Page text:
Women's History Month: A conversation with Julianne Malveaux, PhD

KAYLIN KENDALL DINES | 4/12/2011, 4:45 p.m.
When noted economist Julianne Malveaux set out to write a book about Black economic history,...
Dr. Julianne Malveaux

The second thing is that the rules of the game have always been rigged and yet we still played. It's important to understand that, to know that, and to revel in that for our young people, especially, and for all of us. We talk about things not being fair. When were they ever fair for Black people? It wasn't fair when Free Frank had to purchase himself. None of this stuff was fair. And yet we did it anyway. That is something else that we really need to be very, very clear about.

I think the third thing is that there are some stories in this book that are so moving, inspirational and powerful. Think about some of the people. A Maggie Lena Walker for example. Everybody knows about Madam C.J. Walker, but what about Maggie Lena Walker? You look at some of the other people--of course W.E.B. DuBois is in here and everybody knows Dr. DuBois, but how many people know about Sadie Tanner Mossell Alexander, the first Black woman to get a PhD in economics?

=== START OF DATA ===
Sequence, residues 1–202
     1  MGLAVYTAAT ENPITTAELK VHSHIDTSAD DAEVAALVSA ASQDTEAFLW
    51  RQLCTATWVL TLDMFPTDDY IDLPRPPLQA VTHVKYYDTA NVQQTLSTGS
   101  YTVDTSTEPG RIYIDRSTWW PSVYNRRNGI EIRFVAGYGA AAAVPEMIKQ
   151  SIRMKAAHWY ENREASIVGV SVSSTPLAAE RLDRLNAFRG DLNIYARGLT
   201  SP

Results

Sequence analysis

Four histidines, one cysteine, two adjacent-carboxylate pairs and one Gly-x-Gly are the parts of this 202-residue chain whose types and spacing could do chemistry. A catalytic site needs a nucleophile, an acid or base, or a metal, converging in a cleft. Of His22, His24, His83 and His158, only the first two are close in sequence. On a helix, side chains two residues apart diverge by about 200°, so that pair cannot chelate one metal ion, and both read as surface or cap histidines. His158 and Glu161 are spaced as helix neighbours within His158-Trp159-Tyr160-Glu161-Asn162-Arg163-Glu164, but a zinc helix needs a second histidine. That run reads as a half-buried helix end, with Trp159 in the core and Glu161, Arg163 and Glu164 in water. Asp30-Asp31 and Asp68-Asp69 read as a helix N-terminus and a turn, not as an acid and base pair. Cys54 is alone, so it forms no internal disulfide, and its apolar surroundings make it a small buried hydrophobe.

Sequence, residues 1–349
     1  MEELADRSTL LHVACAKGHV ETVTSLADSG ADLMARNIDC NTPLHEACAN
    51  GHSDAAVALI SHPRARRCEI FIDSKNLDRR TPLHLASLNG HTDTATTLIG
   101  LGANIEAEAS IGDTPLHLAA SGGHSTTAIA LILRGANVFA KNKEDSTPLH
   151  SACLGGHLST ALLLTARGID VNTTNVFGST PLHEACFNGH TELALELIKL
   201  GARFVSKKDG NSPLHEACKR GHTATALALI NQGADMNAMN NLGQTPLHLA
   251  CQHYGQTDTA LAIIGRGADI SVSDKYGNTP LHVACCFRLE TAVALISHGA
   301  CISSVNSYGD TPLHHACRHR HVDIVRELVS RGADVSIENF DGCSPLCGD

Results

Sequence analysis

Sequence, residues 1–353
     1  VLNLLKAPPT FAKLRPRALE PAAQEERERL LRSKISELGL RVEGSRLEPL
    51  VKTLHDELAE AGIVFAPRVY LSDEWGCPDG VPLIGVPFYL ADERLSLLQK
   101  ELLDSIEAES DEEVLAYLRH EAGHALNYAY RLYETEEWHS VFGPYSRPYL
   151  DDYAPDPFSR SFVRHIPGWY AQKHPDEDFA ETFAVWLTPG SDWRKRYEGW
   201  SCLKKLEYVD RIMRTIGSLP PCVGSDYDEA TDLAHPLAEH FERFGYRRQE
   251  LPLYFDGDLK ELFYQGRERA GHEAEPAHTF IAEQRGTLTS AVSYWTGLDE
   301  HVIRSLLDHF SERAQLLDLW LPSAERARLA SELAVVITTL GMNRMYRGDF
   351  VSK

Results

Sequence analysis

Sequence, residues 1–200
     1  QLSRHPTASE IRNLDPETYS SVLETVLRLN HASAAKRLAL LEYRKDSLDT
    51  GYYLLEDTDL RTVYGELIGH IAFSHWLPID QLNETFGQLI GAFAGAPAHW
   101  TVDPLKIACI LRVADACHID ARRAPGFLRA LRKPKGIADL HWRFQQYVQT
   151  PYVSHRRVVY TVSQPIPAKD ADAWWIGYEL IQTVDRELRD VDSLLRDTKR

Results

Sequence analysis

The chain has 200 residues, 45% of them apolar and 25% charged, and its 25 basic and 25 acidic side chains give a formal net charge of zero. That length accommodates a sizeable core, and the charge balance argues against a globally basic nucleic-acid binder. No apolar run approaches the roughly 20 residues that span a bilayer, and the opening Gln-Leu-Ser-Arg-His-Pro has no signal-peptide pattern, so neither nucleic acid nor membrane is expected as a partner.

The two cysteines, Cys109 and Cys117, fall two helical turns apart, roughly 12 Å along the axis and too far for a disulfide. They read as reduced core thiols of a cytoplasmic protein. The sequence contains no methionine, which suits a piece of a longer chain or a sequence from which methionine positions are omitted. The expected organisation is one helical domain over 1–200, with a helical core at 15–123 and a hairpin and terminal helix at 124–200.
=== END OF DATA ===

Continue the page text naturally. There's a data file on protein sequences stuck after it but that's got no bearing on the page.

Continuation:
Q: Economically speaking, African-Americans are behind significantly. Speak to the notion of "catching up." What are your thoughts?

A: We will never catch up and that's okay. We're not going to catch up, because when you talk about wealth--we used to be somebody's wealth, you know what I mean? We used to be that which was owned and so, basically, wealth is about accumulation and we, basically, are behind in the process of accumulations.

So unless there are reparations or exogenous infusions of extraordinary capitol--unless something happens to give us more money, we're not going to catch up, but can we still live good lives. Can we still be competitive? Of course. We need to be better organized. We're not even organized individually. We know there are a whole bunch of things that are what you call the "tried and true" rules, such as saving, paying yourself first. We need to deal with financial literacy.

Q: What keeps you motivated?

A: First of all, I'm motivated by my young people, by the possibilities and the notion that we should be the bridge that they can walk across to a better future. To have the privilege--and I really consider it a privilege--to be able to be an educator. Because, basically, that means people are trusting me with their minds. Faith motivates me. Everybody has bad days and down days, but you can randomly pick up a Bible and just open to a page and find something that's going to fire you back up.